Early Debt Repayment Heralds New Beginning for Fiji Pine: Bainimarama

In a clear sign of the remarkable turnaround in the fortunes of Fiji Pine, the state-owned enterprise has paid off a loan it recently secured from Government to clear a 28 year debt.

Just three months ago, Fiji Pine borrowed $2.4-million dollars from Government to finally settle a loan it obtained from the European Investment Bank in 1985.

Its recent financial performance has been such that the Executive Chairman of Fiji Pine, Faiz Khan, was today able to hand the money back when he presented a cheque for $2.4-million to the Prime Minister, Voreqe Bainimarama.

The Prime Minister commended Fiji Pine for the prompt repayment. “ I can’t recall another occasion when a state-owned enterprise has paid off an outstanding amount to Government so quickly. It’s a great credit to the Board, management and workers and a clear sign of the success of our reform program at Fiji Pine”, he said.

For his part, Mr Khan thanked the Prime Minister for the Government’s support, describing the repayment as a significant milestone “ Because of this assistance, we have been able to clear a debt that has been on our books for almost three decades. It marks a new beginning for Fiji Pine in that we can now put our focus firmly on the future growth of our businesses”, he said.

Mr Khan said Fiji Pine had long been burdened by past failures but was gradually turning its fortunes around and guaranteeing a sustainable future for the enterprise and its workers.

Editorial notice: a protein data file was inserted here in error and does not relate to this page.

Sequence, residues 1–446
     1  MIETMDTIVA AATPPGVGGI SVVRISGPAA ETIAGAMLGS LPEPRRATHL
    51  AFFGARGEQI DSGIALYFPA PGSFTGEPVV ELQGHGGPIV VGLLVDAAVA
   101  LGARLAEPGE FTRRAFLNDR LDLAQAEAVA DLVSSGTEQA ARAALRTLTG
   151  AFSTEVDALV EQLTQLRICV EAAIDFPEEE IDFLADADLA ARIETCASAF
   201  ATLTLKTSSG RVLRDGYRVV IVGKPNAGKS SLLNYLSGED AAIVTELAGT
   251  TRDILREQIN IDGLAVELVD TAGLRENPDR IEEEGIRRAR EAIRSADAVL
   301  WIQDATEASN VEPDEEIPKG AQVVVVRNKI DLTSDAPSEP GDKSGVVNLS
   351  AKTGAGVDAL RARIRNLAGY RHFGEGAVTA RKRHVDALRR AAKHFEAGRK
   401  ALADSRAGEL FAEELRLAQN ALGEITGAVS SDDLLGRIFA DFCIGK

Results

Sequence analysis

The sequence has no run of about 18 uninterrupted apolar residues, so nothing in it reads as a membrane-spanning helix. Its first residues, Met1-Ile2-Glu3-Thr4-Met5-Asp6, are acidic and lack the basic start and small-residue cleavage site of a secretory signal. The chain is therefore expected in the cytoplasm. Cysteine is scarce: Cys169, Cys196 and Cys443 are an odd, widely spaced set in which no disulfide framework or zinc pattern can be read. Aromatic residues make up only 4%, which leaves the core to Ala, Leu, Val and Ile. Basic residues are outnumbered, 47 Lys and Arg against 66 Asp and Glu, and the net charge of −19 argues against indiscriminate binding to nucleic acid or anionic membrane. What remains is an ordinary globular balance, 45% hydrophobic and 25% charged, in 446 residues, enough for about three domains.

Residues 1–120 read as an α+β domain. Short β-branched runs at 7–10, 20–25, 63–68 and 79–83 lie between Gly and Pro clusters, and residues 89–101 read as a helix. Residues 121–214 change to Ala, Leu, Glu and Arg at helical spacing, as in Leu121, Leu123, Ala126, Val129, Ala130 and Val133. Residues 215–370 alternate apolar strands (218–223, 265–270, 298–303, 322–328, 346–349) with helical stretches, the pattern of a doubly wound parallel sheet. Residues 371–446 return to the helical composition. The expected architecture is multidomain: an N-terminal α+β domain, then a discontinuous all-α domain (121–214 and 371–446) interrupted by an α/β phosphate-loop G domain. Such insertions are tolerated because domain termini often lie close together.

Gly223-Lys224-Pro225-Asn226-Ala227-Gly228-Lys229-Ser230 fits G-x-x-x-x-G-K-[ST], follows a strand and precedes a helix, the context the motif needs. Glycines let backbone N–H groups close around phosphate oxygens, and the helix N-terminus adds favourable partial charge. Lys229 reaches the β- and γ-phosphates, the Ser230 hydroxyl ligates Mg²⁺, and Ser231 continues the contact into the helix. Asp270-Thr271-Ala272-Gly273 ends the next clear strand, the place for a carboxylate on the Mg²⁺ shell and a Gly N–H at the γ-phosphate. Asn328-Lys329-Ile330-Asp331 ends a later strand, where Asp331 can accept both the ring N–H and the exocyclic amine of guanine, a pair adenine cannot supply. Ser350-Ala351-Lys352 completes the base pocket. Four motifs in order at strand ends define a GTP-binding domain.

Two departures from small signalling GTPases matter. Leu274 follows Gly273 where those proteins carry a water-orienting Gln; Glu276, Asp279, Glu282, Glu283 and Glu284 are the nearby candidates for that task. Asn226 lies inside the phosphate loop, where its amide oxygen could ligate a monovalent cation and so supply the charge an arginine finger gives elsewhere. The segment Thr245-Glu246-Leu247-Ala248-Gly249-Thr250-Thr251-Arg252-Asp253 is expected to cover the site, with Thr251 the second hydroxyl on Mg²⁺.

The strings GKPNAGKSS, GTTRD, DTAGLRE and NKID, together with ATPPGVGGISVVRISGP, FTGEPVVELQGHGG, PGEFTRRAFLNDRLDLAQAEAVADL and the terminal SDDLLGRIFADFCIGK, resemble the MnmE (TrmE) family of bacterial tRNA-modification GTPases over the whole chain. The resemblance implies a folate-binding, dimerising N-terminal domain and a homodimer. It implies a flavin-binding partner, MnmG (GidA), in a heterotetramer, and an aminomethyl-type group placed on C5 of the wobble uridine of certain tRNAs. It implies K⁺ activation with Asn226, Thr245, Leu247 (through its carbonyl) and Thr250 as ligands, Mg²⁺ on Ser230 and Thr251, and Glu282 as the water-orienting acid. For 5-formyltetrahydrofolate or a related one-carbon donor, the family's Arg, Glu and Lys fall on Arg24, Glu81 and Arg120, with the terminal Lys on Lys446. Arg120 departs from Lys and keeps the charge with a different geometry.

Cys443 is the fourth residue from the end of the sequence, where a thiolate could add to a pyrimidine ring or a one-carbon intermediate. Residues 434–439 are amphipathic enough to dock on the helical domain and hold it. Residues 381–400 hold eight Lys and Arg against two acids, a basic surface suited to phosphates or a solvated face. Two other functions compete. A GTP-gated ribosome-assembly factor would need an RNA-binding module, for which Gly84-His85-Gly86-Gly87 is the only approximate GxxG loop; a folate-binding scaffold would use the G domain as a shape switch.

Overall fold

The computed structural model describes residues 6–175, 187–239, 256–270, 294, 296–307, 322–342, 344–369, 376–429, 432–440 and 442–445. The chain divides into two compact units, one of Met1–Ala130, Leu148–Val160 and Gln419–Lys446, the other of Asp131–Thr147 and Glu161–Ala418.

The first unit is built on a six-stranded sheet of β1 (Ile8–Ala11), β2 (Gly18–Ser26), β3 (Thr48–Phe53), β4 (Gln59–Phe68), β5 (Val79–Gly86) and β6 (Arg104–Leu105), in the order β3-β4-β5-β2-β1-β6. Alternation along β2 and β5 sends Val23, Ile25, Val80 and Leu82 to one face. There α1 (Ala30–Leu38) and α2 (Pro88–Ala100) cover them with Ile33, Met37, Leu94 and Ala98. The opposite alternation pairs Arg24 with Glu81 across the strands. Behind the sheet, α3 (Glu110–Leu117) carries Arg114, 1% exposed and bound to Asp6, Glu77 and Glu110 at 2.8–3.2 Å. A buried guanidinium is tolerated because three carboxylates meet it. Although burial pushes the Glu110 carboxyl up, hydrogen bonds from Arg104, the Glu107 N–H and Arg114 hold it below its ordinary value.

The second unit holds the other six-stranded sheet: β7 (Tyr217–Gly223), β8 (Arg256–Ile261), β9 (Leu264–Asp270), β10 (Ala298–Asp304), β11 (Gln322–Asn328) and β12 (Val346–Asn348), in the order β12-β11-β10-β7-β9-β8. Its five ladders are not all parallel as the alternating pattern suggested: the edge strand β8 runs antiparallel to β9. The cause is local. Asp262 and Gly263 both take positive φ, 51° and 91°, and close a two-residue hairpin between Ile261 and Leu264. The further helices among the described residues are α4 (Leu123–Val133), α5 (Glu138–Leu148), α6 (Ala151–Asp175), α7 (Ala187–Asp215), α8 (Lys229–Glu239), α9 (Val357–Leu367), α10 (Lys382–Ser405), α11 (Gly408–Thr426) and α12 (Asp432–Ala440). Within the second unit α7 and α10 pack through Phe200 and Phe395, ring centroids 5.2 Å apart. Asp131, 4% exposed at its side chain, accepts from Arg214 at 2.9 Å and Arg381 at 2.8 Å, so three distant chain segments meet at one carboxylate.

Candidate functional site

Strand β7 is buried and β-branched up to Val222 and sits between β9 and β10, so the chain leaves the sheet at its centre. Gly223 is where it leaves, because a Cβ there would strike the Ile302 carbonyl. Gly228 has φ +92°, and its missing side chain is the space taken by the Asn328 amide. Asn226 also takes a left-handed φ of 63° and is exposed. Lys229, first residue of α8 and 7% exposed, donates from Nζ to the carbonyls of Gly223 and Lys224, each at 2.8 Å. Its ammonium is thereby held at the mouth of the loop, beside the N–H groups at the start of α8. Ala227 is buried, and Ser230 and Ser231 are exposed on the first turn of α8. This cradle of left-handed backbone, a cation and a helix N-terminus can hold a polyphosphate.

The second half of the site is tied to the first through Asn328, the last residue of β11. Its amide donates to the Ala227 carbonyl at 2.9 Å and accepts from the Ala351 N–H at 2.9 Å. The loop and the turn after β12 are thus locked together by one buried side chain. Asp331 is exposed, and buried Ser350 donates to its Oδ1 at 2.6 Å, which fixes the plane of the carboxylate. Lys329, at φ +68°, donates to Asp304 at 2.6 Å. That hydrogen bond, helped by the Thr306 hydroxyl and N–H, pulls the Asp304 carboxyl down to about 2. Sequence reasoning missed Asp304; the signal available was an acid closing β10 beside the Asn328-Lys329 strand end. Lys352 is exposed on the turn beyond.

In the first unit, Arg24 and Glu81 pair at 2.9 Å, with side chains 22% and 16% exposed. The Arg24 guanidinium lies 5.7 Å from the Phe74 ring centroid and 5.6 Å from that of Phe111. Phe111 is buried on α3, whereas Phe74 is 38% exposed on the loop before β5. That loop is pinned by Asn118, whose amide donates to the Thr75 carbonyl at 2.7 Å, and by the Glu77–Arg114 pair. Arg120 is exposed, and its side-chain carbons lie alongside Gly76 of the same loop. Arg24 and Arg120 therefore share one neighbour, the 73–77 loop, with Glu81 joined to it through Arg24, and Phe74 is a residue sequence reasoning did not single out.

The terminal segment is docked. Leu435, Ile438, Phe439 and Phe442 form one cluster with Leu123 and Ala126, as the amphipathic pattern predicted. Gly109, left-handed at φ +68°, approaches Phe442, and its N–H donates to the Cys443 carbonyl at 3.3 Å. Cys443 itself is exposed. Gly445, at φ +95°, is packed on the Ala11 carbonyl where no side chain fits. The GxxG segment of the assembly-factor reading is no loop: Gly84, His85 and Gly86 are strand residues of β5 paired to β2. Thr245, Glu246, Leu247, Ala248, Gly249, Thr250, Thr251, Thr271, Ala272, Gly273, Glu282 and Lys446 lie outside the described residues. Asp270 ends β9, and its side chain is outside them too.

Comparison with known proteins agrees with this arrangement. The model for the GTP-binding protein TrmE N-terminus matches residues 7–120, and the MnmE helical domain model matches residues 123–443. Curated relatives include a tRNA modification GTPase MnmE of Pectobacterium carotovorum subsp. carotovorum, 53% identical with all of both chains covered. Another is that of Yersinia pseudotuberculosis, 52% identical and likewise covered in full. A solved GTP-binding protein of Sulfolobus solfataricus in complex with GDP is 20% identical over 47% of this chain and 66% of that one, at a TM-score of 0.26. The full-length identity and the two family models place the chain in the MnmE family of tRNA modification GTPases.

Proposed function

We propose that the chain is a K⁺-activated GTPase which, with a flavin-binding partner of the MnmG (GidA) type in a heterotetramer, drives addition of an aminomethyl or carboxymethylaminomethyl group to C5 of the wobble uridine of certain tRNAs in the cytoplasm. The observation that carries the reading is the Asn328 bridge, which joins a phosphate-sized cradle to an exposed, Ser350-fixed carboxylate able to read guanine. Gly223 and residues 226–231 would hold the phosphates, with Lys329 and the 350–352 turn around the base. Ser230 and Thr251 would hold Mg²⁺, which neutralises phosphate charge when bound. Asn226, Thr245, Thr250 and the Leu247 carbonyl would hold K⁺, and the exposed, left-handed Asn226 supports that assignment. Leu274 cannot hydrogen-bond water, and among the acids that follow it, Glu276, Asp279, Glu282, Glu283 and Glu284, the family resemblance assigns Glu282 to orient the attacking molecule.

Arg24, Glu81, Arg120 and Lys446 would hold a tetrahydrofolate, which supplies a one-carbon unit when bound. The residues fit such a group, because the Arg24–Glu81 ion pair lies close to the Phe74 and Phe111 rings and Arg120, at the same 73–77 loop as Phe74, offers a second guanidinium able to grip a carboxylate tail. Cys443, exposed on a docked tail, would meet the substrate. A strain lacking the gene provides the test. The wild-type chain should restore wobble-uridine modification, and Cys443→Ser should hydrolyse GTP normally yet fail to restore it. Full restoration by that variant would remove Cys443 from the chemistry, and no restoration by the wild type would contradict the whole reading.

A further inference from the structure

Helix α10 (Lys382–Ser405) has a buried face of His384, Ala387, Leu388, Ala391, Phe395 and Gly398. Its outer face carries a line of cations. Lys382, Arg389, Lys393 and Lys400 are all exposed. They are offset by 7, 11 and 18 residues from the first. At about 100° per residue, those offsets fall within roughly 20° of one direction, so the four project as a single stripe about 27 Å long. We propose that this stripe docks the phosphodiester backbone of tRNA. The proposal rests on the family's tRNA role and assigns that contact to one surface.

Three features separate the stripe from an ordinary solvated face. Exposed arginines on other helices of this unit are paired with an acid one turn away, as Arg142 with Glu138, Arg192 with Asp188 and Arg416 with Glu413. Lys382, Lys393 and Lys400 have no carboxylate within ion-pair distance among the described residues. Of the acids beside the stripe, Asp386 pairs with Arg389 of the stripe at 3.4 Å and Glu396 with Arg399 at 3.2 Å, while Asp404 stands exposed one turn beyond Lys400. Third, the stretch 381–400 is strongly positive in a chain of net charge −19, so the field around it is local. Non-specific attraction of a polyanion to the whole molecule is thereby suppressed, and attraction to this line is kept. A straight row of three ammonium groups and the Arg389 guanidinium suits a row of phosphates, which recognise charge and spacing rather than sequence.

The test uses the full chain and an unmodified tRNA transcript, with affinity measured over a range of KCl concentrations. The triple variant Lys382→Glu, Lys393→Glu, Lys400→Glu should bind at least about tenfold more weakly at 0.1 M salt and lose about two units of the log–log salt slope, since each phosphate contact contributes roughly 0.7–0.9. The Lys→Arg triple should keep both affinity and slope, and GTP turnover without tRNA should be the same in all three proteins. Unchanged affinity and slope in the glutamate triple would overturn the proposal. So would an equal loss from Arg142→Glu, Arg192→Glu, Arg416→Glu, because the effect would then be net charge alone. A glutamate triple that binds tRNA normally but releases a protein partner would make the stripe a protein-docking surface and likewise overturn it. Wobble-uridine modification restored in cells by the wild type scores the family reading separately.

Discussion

“We made record profits in 2011. And while we have endured an unprecedented slump in the wood chip market over the past 18 months, our marketing strategies will ensure more stable demand for our products into the future”, he said.

Mr Khan said Fiji Pine had transformed its operations at the Wairiki chip mill in Bua and had tackled the corruption, mismanagement and outmoded work practices that were holding it back.

“We have also revamped our nurseries and our planting programs. However, we are still a long way from where we want to be in terms of upgrading the capital we have in our forests, factories and workforce. Fiji Pine Limited, the holding company, had accumulated losses of around $130-million in its books as at December 2010. It is logic and common sense that a business cannot continue like this and will be doomed to fail if not corrected”, the Executive Chairman added.

Mr Khan said debt clearance remained a big priority for Fiji Pine but the Group’s debt burden had now been brought under control. “In the past two-and-half years, the Fiji Pine Group has serviced $25.3 million in debt and reduced our principal by $17.6-million. We still have $55.5m debt left in our books but we are now in a reasonably comfortable financial position where the debts are serviceable from our operations”, he said.

Mr Khan paid tribute to Fiji Pine’s workforce and said they could be proud of their own role in turning around the company’s fortunes. “For too long, we neglected our human assets. We are nothing without our workers and a large part of the credit belongs to them. So as well as providing them with new uniforms, we are currently spending $350,000 on new canteens to provide them with subsidized meals and improving their general work environment with new toilets and shower facilities. This is one of the most exciting priorities on our list of current work”, he said.

Fiji Pine workers were also singled out for praise by the Attorney General and Minister for Public Enterprises, Aiyaz Sayed-Khaiyum, who said they had worked hard with the Board and  management to achieve  “an outstanding result”.

“What we are seeing is proof that our public enterprises can thrive if employees, management and Government work together cooperatively for the common good. This is all good news for those dependent on the industry and for the Fijian economy as a whole”, he said.